On my drive from Florida to Ohio, I listened to a lot of the Weezer discography, in chronological order. Two things struck me: the back-tracking between "Pork & Beans" and "Back to the Shack," and the hints in "Memories" that perhaps Rivers is an unreliable source for information on how he composes songs.
First, the back-tracking. "Pork & Beans" is from the "red" album, which is probably the height of Weezer's experimentation. It is the album with band members playing instruments they don't usually play, or singing lead when they usually don't. And in the lyrics of "Pork & Beans," Rivers specifically says, "I ain't gonna do the things that you like ... I don't give a hoot about what you think."
In 2011, in a very serendipitous moment, I picked up a copy of a book entitled The Advanced Genius Theory, by Jason Hartley, that was being given away by some professor in my department. I love this book because it basically tells cranks like Comic Book Guy to sit down and shut up. If I had unlimited funds, I'd mail a copy of this book to every Weezer fan, especially the ones like Leslie Jones's character in this Saturday Night Live sketch. And in "Pork & Beans," Rivers was telling them, just like Hartley, to sit down and shut up.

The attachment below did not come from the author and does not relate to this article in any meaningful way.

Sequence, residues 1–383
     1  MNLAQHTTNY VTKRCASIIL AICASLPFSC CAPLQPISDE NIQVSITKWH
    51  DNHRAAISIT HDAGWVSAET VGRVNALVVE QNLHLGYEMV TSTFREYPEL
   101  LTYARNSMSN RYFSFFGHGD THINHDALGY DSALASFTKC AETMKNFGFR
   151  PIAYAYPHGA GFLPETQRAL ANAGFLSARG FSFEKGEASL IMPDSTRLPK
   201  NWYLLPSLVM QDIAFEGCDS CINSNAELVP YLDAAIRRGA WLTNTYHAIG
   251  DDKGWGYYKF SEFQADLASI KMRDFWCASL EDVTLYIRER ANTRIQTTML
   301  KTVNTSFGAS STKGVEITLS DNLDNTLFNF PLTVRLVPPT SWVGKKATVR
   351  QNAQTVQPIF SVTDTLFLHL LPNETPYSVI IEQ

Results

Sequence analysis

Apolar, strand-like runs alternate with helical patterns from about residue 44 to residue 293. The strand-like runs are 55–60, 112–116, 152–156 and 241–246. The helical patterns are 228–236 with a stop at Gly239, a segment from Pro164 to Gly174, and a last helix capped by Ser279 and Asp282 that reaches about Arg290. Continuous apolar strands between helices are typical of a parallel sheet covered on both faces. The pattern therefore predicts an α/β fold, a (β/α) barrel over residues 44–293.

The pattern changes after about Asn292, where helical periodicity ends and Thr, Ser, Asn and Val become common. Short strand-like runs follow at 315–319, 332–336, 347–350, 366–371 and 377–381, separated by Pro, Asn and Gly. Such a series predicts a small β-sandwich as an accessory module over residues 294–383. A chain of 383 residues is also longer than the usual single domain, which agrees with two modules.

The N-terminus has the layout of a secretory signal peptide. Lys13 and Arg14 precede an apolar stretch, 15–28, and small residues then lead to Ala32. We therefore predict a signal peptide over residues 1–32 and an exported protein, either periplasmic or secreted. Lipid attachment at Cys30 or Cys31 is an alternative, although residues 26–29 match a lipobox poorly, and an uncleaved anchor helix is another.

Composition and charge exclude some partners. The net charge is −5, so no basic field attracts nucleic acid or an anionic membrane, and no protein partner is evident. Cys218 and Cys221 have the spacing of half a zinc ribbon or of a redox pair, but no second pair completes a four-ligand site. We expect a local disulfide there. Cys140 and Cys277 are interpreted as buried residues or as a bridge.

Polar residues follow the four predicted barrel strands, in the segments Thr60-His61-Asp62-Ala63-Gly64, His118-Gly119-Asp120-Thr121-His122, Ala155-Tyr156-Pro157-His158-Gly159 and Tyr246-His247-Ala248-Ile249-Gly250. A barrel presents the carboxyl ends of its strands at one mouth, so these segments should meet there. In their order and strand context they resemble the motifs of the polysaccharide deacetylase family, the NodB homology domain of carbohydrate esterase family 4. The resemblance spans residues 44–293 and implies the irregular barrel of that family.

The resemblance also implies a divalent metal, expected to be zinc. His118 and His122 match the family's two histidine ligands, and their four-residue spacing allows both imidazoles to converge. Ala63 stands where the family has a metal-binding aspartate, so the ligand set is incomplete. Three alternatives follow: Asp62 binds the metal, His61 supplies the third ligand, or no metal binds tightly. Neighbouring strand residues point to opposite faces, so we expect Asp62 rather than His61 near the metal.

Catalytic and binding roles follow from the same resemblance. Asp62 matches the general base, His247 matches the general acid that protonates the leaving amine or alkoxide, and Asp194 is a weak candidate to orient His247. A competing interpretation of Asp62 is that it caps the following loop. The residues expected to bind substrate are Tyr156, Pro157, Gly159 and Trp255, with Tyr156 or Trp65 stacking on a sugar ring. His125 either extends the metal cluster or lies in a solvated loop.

Which is why "Back to the Shack" is so disappointing. Not that artists can't revisit their old style, but that the lyrics are such a mea culpa for the "red" album. "Maybe I should play the lead guitar and Pat should play the drums," is as close as you can get to singing the words, "The 'red' album was a mistake." It's like Rivers has internalized the argument that The Advanced Genius Theory is meant to dispel.
However, there's a style of Weezer fan who's not happy unless they are complaining about Weezer. And such a person wrote this review of the new "black" album. And this leads me to my second point: maybe Rivers's summary of his song-writing process is not to be believed. After all, in "Memories," he specifically sings, "Messing with the journalists and telling stupid lies." And if you're going to write a whole bunch of heart-felt lyrics like on "Make Believe" and just have people poop all over them, why not tell them that everything you write now comes from a spreadsheet and an algorithm (which, as we all know, is how Al and Tipper Gore practice birth control)?
I'm not convinced that the spreadsheet method is the real method. But even if it is, sit down and shut up.